Are you wowed by vintage quilts? If so, as you read this please be thinking of suggestions as to how I should proceed with this wonderful gift of vintage stars. Here’s the story.
The blogging world never ceases to surprise me. I often browse through the Tag Surfer feature of WordPress and in March I stumbled on this post on Ruth’s “Keep or Pitch?” blog. She already had a photography blog and started this new one as a way to declutter her home in anticipation of downsizing. I commented that her vintage stars were a family treasure and she certainly should not just pitch them, but if that was her decision, she could consider pitching them toward me. Imagine my delight when that is exactly what she did. I was so touched. But I have assured Ruth I will make provisions for this treasure to come back to her family eventually. Meanwhile, I will savor my temporary custody.
Ruth’s grandmother Mary Alta Kerr Hendricks, born in 1892, stitched these stars by hand. Alta married Floyd, a teacher in a one-room schoolhouse (and later a feed salesman) in 1911. Ruth’s dad Roy, the eldest of 3 boys was born in 1912 and is standing on the left in the photo. They lived on a farm in Illinois. Alta lived to see Ruth’s first child who will be 35 in May. Ruth says her grandmother never sat still and worked from dawn to dusk. She was a great cook, had such a beautiful voice she was asked to sing at weddings and funerals and taught four-year old Ruth to knit. Her needlework projects included quilting, knitting, crocheting, tatting and needlepoint. A sample of her work is on the right. Alta’s last job was at a florist where she kept her lunch–a can of spinach and a hard boiled egg–in the flower cooler.
I am working on my fourth hand pieced project and it happens to be 6-pointed stars from diamond pieces. But I need a different plan for these stars which are possibly made from feed sacks. First of all, what additional fabric can I use to join them? New reproduction fabric? Thrift store items–clothing, tablecloths? Aged muslin? And what arrangement? Ruth had posted there were 83 stars but I was pleasantly surprised to find there were actually 112! All the stars have 3 points of the same navy print. There are 18 different alternate point fabrics with the highest group being 15 stars and 4 groups with only two each. My initial idea is to try and group them in several Seven Sisters patterns, maybe using a different connecting print per group. But I would appreciate other thoughts before proceeding so please chime in.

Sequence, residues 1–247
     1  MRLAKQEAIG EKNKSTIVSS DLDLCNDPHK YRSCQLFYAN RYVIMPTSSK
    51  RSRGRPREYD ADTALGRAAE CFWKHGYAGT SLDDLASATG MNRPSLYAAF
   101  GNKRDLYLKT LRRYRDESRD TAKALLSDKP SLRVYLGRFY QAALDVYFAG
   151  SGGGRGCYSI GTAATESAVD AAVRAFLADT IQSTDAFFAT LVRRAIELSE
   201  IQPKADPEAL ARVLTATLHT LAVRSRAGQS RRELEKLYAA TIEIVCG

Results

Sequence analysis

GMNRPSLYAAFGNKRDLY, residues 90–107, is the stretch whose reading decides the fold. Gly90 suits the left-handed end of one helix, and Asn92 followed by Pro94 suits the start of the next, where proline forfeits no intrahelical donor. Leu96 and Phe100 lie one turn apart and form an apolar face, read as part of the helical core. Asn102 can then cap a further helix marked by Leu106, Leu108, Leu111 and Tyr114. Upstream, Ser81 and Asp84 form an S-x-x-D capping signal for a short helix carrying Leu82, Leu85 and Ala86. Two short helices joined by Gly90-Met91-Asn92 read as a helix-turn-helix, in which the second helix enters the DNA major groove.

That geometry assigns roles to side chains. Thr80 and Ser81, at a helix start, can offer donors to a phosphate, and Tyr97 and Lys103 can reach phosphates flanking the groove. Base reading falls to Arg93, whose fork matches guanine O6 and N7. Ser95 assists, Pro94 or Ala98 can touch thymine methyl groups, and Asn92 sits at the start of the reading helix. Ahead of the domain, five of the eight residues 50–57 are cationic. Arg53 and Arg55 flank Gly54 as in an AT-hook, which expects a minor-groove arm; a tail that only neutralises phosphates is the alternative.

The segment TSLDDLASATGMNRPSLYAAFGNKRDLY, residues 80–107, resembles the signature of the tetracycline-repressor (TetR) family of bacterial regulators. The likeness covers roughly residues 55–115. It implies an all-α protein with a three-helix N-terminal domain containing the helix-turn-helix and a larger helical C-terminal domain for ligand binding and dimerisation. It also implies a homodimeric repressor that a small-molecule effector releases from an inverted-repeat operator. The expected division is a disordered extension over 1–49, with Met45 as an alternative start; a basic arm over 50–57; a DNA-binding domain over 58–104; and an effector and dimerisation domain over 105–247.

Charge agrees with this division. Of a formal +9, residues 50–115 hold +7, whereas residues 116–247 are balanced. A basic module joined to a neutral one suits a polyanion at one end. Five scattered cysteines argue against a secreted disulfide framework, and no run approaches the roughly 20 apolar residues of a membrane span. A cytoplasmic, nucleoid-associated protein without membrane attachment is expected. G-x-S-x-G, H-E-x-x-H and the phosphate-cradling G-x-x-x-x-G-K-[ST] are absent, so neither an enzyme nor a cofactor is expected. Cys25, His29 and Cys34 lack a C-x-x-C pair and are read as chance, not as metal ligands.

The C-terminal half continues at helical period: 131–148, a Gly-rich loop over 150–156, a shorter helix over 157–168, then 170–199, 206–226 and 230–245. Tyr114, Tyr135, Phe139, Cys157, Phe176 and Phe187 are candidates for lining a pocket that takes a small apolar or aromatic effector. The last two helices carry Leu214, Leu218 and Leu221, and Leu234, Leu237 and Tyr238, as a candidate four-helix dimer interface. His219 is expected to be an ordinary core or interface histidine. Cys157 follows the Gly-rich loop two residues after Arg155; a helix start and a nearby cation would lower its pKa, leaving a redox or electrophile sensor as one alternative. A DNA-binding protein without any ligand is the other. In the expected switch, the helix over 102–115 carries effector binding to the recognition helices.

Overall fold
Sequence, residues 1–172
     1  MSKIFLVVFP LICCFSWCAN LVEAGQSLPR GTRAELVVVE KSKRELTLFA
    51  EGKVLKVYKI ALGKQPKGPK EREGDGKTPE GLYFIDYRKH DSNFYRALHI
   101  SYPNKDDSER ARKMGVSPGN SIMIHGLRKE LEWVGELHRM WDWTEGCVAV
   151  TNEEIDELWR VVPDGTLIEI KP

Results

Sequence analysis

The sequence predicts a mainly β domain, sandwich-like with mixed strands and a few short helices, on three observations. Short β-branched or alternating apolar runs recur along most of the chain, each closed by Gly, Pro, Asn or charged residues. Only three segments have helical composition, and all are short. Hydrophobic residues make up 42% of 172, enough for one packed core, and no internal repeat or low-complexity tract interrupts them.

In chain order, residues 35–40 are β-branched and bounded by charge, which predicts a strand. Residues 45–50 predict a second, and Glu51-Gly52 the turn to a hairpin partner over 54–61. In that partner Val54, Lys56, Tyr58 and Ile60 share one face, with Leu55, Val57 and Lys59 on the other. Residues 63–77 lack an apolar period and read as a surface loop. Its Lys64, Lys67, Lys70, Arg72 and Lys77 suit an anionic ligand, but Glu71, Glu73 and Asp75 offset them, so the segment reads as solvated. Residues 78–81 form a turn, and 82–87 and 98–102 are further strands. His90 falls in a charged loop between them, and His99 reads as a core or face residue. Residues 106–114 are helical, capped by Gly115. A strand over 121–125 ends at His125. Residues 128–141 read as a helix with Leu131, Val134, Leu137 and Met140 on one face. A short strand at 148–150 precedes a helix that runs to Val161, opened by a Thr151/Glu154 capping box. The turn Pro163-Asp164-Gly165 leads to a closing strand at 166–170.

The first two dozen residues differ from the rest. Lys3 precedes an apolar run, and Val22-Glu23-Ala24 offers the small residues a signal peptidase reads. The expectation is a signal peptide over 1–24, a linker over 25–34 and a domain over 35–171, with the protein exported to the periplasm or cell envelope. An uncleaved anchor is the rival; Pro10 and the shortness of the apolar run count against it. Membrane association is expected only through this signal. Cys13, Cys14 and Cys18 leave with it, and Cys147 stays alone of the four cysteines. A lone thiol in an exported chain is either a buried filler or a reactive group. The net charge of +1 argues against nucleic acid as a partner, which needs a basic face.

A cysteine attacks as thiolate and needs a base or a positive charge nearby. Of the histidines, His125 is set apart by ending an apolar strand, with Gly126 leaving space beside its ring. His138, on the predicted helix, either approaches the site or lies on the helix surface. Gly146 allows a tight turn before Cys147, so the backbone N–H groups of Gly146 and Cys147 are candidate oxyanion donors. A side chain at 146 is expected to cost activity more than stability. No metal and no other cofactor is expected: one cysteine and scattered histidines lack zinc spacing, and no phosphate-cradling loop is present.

There was one star with a stain which looks to be a number stamp. I decided to experiment with it and appliqued it to a block which I thought I could trim to a hexagon shape. I would also be able to test wash this vintage fabric without getting frayed edges. After looking back at my Seven Sisters picture, this shortcut plan would only work for the center star so not my greatest idea. In addition, the bias edges wanted to curve as I sewed them to the base fabric–frustrating. I’m happy to report, however, that even though I have been unable to remove the stain, the fabric passed the wash test with flying (but no running) colors!